Kenyans should taste beer from Belgium, but drink it with wisdom
Posted Thursday, May 31 2012 at 19:20
On a chilly October evening, two students from Burundi invited me out for a drink to celebrate my arrival at Louvain-la-Neuve. We went to one of the many pubs on campus where they insisted on selecting a beer for me.
They chose a Chimay Bleu and drank something else themselves. I took to the taste of this dark, bitter ale— which made me mellow and seemed to improve my French— and very unwisely ordered a second one.
Only when we got up to leave did I discover that while I still had my mental faculties, my legs had completely disowned me; in short, I was legless but fully able to appreciate the aptness of that expression.
Needless to say, my two new friends found my predicament hilarious.
Chimay Bleu contains nine per cent alcohol by volume and is one of four types of beers that have been brewed by Trappist monks in the Chimay region since 1862.
In 1876, the monks started producing a variety of cheeses—some flavoured with Chimay beer—and have maintained and increased the production with milk sourced from a local cooperative of dairy farmers.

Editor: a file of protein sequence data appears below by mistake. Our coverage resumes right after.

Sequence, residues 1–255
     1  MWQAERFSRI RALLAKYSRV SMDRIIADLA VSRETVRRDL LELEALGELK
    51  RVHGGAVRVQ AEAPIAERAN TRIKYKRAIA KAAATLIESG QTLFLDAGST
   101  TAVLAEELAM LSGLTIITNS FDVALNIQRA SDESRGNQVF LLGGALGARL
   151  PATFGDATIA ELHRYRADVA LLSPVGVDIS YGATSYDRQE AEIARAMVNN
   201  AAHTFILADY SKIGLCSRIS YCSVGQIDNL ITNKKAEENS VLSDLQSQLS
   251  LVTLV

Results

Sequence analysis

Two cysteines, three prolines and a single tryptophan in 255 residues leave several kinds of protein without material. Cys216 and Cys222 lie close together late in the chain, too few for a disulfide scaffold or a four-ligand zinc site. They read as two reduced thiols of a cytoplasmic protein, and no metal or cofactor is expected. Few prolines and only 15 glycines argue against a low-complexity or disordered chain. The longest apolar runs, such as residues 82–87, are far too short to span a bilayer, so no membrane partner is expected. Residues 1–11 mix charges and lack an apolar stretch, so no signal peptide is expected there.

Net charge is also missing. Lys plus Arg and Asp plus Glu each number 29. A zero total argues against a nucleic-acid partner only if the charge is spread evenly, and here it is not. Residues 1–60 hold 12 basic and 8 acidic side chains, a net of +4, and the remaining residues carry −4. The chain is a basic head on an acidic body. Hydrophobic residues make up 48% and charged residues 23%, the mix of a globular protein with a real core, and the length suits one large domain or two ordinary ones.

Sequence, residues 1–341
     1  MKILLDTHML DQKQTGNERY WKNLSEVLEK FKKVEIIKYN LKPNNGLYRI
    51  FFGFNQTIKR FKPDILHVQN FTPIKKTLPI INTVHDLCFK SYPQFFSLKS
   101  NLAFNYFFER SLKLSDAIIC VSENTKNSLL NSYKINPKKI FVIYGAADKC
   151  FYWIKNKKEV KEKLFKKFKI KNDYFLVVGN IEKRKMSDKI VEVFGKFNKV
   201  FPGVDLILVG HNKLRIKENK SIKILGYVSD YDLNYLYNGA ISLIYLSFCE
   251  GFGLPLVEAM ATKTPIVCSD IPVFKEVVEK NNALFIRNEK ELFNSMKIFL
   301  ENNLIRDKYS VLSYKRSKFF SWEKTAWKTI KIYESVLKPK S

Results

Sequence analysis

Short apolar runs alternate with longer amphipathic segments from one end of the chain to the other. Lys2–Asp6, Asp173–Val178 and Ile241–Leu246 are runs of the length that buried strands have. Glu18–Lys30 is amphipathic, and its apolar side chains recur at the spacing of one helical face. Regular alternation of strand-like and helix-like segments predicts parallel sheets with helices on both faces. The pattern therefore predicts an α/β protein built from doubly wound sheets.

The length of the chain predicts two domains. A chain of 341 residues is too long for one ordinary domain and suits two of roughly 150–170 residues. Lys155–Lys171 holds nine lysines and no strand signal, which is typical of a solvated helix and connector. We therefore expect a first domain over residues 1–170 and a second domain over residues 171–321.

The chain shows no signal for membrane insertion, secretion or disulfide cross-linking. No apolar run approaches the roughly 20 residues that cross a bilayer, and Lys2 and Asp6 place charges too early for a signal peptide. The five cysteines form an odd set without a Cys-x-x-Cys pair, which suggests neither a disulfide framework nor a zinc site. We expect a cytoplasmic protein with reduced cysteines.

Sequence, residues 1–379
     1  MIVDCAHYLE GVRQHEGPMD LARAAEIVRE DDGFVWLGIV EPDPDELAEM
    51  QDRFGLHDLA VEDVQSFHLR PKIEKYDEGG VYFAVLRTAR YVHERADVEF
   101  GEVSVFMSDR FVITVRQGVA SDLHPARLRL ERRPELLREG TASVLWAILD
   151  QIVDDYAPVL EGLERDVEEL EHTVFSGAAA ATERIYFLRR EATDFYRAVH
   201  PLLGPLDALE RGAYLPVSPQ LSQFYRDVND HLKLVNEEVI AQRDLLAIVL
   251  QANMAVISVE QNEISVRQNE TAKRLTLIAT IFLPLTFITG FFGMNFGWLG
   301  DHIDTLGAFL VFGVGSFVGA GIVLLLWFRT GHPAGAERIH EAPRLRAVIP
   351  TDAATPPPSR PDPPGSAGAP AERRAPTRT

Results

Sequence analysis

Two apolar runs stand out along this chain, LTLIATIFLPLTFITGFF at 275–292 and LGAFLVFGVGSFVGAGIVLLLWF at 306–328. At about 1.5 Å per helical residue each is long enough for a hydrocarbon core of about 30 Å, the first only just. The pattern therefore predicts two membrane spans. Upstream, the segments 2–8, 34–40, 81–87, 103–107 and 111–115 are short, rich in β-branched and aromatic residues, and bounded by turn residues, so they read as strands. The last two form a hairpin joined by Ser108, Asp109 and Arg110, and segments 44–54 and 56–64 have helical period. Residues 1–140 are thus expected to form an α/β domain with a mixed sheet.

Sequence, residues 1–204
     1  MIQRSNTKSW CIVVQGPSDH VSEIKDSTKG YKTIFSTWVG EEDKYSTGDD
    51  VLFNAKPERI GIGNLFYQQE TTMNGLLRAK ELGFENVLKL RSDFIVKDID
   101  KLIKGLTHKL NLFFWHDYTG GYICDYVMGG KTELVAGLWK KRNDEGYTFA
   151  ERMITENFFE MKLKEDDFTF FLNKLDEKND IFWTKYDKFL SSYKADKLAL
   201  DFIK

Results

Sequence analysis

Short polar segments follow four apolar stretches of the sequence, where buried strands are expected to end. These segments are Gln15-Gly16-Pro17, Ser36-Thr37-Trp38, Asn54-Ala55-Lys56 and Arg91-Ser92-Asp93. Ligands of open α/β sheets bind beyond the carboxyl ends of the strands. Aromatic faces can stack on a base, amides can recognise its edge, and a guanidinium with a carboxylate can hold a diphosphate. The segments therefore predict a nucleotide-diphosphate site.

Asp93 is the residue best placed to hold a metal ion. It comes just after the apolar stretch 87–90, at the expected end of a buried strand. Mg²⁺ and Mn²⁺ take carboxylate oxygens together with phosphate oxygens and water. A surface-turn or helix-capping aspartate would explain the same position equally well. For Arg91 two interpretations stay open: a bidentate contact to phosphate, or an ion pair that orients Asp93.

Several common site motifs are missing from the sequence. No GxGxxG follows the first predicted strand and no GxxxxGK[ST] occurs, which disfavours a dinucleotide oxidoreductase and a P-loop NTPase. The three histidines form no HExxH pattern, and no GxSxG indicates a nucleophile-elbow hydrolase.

Both products are exported around the world with a large slice of the profits going to charity and community development in the region, the rest being used to finance the monastery and support the monastic community.
There are only eight Trappist monasteries in the world where monks brew beer as they lead contemplative, peaceful and silent lives.
The six located in Belgium are having difficulties satisfying increasing demand as they are unable to expand production within the monasteries while the beers would lose their Trappist label if produced elsewhere.
But the Trappist monks aren’t the only ones doing the brewing; with at least 680 different types of beers varying in strength from 0.25 per cent to 12 per cent alcohol by volume, Belgium has to be the beer capital of the world and, despite reports of its imminent death following the smoking ban that was extended to all bars last July, the Belgian pub culture remains very much alive.
Pubs in Belgium are woven into the very fabric of community life, acting as a sort of social club where friends meet for a drink and a gripe against politicians, to watch football or celebrate a milestone in life.
The gastro-pub in my neighbourhood is conveniently located just a few meters down the road from the local church and a few doors away from the local funeral parlour and is often a venue for celebrating couples and grieving relatives.
It once served the last supper to a very elderly lady who partook of Jean-Marie’s excellent cuisine, closed her eyes and gently expired.
It is this pub culture that has spawned the Belgian Beer Cafés to be found in Europe, Asia, North America, the Middle-East and even as far as New Zealand.
The cafés serve Belgian beers and cuisine in a setting resembling a typical Belgian pub.